Orange crush

May 16, 2013 

Passengers jockey for position to get precious rush hour seats on the Orange Line.

The Orange Line is feeling the squeeze. An immediate success upon its opening in 2005, ridership continues to surge on the San Fernando Valley’s dedicated busway, which runs from Woodland Hills and Chatsworth to North Hollywood. The line currently handles more than 30,000 passengers on an average weekday, making it the second busiest bus line in Los Angeles County. While that success is something to celebrate, elbow room is getting hard to come by.

“Yesterday it was pretty miserable,” said Mark Hill, who commutes between Sherman Oaks and downtown Los Angeles. “You had people letting the bus go because you could just not fit any more.”

Metro plans to relieve some pressure by adding additional service. Next week, the agency’s Board of Directors is expected to take action on an annual budget that includes $1.2 million for more midday buses on the Orange Line. More late night service was also added recently, and increased Saturday service is planned for late June.

Jon Hillmer, a 30-year veteran in Metro’s bus operations, said the popularity is due to the line’s speed and convenience.

“It offers rail-like service on rubber tires,” Hillmer said. “People board at stations, wait on platforms and pay their fares at machines.”

The line also provides important connections to other transit options. At Chatsworth station, it connects to Metrolink’s service to Ventura County. At the North Hollywood station, it connects to the Red Line subway, which provides access to Hollywood, downtown L.A. and the rest of Metro’s rail system.

While improvements are planned to handle the growth in ridership during off-peak hours, rush hour is a different story.  One additional bus trip will be squeezed onto the back end of the peak traffic period but, after that, the agency is just about maxed out on how many buses it can run at a time. Among other issues, the line is constrained at intersections with north-south roadways, which are managed by the city of Los Angeles’ Department of Transportation.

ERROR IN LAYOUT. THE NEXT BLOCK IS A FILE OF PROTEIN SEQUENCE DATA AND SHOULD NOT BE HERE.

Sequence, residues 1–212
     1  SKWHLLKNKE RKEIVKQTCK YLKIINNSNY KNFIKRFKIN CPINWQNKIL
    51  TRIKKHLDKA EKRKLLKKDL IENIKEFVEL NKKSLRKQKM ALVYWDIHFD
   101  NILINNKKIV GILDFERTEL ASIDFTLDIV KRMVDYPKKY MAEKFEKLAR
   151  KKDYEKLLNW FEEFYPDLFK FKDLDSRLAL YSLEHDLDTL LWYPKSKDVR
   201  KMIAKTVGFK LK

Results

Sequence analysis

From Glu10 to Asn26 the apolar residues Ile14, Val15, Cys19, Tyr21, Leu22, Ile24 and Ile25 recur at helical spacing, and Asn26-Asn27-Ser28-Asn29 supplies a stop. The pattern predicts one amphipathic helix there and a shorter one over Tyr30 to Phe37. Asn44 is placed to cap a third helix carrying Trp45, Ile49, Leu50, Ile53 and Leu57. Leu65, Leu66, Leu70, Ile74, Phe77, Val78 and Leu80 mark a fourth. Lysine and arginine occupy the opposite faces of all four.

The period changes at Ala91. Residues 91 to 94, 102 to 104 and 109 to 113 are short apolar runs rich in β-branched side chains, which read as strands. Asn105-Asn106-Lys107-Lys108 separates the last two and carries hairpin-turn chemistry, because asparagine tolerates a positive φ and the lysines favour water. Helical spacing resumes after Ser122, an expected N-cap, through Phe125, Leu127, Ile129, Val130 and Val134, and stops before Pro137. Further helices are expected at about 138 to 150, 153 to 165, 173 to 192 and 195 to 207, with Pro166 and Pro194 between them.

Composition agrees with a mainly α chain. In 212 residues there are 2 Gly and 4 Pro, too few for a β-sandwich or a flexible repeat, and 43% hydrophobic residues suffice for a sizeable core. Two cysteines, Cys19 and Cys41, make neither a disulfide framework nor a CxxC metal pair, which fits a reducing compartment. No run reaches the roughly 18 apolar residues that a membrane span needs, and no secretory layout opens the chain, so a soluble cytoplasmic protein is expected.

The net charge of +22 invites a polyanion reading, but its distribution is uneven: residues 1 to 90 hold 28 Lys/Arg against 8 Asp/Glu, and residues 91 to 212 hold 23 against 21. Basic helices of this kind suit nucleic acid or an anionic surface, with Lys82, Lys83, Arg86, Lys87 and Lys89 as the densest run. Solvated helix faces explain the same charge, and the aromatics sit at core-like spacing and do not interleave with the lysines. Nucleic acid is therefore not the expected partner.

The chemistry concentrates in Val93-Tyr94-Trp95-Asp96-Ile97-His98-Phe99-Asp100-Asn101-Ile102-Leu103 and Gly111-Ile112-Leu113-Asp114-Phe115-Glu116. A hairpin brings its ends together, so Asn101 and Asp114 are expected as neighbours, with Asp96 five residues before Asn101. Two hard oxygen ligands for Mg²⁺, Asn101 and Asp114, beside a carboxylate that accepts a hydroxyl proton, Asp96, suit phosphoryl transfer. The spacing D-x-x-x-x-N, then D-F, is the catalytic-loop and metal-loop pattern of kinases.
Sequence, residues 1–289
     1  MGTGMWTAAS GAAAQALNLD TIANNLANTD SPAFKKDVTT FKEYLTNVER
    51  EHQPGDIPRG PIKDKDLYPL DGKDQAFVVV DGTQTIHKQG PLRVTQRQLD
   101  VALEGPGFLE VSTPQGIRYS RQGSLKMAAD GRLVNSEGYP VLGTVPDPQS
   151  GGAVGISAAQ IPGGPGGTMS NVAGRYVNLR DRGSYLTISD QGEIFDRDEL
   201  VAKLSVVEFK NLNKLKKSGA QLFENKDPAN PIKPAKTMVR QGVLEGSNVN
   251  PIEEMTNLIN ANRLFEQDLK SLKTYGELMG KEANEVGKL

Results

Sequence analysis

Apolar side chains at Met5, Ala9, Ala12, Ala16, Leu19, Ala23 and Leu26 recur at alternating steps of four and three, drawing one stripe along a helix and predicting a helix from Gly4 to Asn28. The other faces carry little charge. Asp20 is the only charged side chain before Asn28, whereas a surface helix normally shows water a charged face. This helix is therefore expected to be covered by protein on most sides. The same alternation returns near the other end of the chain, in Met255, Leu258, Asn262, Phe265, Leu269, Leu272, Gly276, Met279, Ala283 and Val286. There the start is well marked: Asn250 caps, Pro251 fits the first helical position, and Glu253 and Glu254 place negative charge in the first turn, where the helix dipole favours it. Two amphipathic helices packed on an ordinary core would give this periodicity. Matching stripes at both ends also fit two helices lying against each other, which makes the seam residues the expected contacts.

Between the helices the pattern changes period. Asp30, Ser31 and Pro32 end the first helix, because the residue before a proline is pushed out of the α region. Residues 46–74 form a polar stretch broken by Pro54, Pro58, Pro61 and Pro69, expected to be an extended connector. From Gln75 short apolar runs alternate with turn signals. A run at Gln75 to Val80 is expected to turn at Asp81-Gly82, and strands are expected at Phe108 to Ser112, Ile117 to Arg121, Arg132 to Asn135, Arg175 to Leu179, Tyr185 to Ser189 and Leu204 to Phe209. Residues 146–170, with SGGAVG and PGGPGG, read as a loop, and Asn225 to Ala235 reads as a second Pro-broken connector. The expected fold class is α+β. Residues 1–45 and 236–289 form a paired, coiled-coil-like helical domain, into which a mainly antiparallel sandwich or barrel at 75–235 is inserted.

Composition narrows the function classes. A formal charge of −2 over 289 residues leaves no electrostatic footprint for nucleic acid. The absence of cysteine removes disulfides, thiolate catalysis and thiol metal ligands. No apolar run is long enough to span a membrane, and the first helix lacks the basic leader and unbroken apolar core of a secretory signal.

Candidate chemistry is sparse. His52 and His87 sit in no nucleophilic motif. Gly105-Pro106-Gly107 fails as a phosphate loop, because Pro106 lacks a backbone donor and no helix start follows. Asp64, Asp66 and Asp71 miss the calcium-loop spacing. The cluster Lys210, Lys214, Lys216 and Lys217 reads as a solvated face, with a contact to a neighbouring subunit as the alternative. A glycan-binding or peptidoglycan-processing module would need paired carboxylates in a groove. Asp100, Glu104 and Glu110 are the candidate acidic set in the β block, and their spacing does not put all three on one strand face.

“Running buses every 4 minutes during rush hour is the best we can do under the current traffic configuration,” Hillmer said. “The city is reluctant to go below the 4-minute frequency level.”

Jonathan Hui, a spokesman for the city agency, said it allows buses to pass through the intersections every two minutes, but they only get special priority—early or longer green lights—every four minutes. That preferential treatment is important to keep the line moving swiftly.

“Not everybody can get the green at the same time,” Hui said. “The Orange Line is obviously important, but so are drivers, pedestrians and bicyclists.”

The two agencies are currently working on a solution to the problem. Hillmer said possibilities include sending two buses in tandem through intersections, or getting shorter but more frequent green lights to enable more buses to get through.

While the rush hour fixes remain a work in progress, adding extra buses during off-peak hours should be a big help to riders who crowd the Orange Line before and after rush hour.

“At 7:45 p.m., there are still a lot of people waiting, ” said Isabel Barbosa, who commutes from her home in Woodland Hills to downtown L.A. Even at 8:30 p.m., “it’s usually standing room only,” said another commuter, Ian Tudor.

Most of the current rider congestion occurs between the station at Sepulveda Boulevard and North Hollywood, but as last June’s extension of the line to Chatsworth matures, Hillmer expects more growth on the western end.

Ridership probably hasn’t even peaked for the year. The months of September and October, when students return to school, are typically the busiest. The extra riders should push the line’s numbers closer to those of Metro’s busiest bus line—the 720 Rapid, which runs between Commerce and Santa Monica on Wilshire Boulevard and averages about 40,000 riders each weekday.

Despite the ridership boom, Orange Line commuters like Mark Hill say they appreciate the smooth, fast ride the line offers—even when it’s standing room only.

“The buses are nicely appointed,” he said. “There’s plenty of stuff to hang on to.”

Posted 5/16/13

Print Friendly, PDF & Email